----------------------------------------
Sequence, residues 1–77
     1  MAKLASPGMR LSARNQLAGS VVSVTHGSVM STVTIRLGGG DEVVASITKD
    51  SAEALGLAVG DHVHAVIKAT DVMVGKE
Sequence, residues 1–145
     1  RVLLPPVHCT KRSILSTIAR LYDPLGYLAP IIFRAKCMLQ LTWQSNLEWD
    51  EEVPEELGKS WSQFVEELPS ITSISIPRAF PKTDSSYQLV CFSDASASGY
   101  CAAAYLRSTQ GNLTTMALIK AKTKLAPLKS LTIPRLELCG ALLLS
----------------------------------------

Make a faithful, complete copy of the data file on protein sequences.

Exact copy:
Sequence, residues 1–77
     1  MAKLASPGMR LSARNQLAGS VVSVTHGSVM STVTIRLGGG DEVVASITKD
    51  SAEALGLAVG DHVHAVIKAT DVMVGKE
Sequence, residues 1–145
     1  RVLLPPVHCT KRSILSTIAR LYDPLGYLAP IIFRAKCMLQ LTWQSNLEWD
    51  EEVPEELGKS WSQFVEELPS ITSISIPRAF PKTDSSYQLV CFSDASASGY
   101  CAAAYLRSTQ GNLTTMALIK AKTKLAPLKS LTIPRLELCG ALLLS